Currently viewing the tag: "Invasive Exotics"
What's That Bug? does not endorse extermination

Subject:  Rusty red-furred bee. Ridged flat back.
Geographic location of the bug:  Fredericksburg, Virginia
Date: 07/19/2018
Time: 01:15 AM EDT
Your letter to the bugman:  I saw this bee on an agastache flower in my backyard. I looked at your guide and  it seems to be a resin bee?  It’s gorgeous.
We used to have carpenter bees out back (deck) but now they’ve sawed our front porch.  You say that the resin bees move into already established holes…………………….……………
How you want your letter signed:  swarner

Sculptured Resin Bee

Dear swarner,
You are correct that this is an introduced Sculptured Resin Bee and according to BugGuide:  “They are opportunistic and nest in existing wooden cavities, rather than excavating their own. Effectively pollinate kudzu, another invasive species.”

What's That Bug? does not endorse extermination

Subject:  confusion about this bug
Geographic location of the bug:  Gloucester, MA
Date: 06/29/2018
Time: 07:32 PM EDT
Your letter to the bugman:  Hi! Every summer we find these, especially on the porch (climbing around on people in the hammock!), and up in the bedrooms. They look a little like cockroaches except they don’t care about light and they prefer dry places and we never see them in the house when it’s under 65° outside, which doesn’t seem to match any cockroach I ever heard of.   Also they only seem to come in the one form and they are small, around half an inch long, and very fast.  No obvious stripes or markings, just a shiny brown. Any help would be appreciated!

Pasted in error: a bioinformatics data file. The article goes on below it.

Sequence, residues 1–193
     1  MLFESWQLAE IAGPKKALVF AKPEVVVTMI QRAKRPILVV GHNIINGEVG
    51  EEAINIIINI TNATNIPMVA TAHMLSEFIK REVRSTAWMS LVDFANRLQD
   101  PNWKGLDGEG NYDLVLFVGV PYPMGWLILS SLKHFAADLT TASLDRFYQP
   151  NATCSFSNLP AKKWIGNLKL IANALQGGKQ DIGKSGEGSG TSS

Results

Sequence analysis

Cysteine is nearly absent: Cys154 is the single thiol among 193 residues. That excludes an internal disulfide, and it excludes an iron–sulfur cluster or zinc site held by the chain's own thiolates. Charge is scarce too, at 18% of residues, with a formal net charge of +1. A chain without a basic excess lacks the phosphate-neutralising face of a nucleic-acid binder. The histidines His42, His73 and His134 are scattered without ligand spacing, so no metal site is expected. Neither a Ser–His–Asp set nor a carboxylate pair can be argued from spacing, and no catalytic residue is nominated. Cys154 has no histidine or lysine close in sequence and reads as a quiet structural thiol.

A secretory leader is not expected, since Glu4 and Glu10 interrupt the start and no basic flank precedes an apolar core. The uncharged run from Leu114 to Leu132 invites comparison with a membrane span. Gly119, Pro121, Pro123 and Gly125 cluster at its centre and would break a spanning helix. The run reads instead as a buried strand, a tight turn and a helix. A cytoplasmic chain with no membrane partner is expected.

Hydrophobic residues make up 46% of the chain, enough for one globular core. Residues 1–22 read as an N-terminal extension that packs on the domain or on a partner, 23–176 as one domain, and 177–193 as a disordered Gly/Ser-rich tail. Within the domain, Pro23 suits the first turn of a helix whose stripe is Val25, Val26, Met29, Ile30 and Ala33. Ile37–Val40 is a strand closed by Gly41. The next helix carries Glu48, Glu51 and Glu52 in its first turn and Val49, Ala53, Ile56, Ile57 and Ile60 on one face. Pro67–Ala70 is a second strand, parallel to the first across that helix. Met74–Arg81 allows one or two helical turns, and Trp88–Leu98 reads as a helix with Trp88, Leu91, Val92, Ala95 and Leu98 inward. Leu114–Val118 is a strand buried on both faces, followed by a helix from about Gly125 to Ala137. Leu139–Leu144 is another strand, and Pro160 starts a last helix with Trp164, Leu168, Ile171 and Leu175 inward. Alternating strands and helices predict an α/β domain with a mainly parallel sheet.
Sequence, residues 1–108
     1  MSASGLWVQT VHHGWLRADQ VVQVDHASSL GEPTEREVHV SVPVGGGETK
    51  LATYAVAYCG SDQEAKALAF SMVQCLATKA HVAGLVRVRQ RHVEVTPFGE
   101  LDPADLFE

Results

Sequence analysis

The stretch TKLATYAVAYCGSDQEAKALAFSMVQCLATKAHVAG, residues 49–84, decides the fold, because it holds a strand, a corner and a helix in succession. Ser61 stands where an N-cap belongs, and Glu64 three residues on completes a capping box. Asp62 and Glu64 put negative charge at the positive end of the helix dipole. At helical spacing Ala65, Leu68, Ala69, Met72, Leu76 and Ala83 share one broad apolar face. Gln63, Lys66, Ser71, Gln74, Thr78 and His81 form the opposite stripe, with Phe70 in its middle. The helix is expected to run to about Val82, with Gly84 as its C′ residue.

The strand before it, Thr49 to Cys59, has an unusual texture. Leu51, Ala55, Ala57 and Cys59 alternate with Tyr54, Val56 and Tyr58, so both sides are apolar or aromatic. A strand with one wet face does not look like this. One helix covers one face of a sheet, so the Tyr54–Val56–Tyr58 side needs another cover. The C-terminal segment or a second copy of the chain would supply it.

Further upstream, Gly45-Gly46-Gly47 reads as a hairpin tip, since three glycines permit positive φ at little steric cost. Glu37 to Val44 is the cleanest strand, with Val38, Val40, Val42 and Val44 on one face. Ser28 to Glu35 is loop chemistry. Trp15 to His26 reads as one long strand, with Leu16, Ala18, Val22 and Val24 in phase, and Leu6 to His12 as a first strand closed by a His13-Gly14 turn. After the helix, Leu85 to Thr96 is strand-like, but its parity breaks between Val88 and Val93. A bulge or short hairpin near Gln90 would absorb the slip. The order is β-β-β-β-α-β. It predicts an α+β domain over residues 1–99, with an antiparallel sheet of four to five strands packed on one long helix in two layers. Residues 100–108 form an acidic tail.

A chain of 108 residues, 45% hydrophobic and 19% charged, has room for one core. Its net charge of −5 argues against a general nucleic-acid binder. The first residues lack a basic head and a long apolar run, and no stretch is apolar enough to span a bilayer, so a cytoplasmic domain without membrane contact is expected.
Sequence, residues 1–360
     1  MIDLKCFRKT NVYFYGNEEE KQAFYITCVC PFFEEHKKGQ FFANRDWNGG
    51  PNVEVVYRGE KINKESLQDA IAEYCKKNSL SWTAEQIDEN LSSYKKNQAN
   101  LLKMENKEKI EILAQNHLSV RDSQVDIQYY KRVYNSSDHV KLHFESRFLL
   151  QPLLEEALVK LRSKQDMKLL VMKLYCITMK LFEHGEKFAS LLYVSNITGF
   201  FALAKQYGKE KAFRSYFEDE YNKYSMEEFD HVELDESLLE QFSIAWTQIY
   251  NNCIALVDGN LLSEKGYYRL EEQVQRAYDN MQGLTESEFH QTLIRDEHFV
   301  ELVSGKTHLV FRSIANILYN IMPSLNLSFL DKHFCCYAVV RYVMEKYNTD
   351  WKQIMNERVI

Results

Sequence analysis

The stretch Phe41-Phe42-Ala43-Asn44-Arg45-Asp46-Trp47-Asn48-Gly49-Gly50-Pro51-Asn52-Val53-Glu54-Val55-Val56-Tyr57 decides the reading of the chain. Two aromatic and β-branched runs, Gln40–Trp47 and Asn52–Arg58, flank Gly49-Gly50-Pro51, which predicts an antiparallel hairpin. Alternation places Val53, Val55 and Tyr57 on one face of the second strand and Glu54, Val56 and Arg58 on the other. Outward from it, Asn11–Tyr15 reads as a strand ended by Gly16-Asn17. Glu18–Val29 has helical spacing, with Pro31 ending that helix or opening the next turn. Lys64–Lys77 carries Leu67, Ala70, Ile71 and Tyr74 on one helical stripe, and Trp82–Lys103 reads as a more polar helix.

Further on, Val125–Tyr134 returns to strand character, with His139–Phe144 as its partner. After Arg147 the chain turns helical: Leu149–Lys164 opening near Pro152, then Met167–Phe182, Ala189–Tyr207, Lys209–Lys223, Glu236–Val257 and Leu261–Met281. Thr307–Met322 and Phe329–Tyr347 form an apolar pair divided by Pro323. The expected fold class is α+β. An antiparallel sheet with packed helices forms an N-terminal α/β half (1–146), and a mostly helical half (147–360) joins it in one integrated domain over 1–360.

How you want your letter signed:  Tara

Spotted Mediterranean Cockroach

Dear Tara,
This is indeed a Cockroach, and based on BugGuide images, we have identified it as a Spotted Mediterranean Cockroach,
Ectobius pallidus.  According to BugGuide:  “earliest record in our area: MA 1948.”  According to a comment posted to a BugGuide posting:  “A species that prefers to live and breed outdoors rather than indoors, nothing to worry about! 🙂 Any individuals that make it indoors will soon perish from lack of appropriate food and water if they can’t find their way back outside.”

What's That Bug? does not endorse extermination

Subject:  Eggs on back of apple leaf
Geographic location of the bug:  Provo, Utah
Date: 06/25/2018
Time: 03:22 PM EDT
Your letter to the bugman:  Two areas on the back of this apple leaf. I don’t recognize either. First is the cluster of eggs or small bugs in orange and black and the second is the white lattice structure.
How you want your letter signed:  Ken Loveland

Brown Marmorated Stink Bug Hatchlings

Dear Ken,
Your image depicts the hatched eggs and the newly hatched nymphs of the Brown Marmorated Stink Bug, a recently introduced, highly invasive species that has spread across North America in just a few years.  Here is a BugGuide image for comparison.  According to BugGuide:  “in the US, reported to damage apples, pears, peaches, cherries, corn, tomatoes, peppers, soybean, ornamentals…”

Wow. That’s horrible news. Thanks so much for the information and for your service.

What's That Bug? does not endorse extermination

Subject:  Black insect with white spots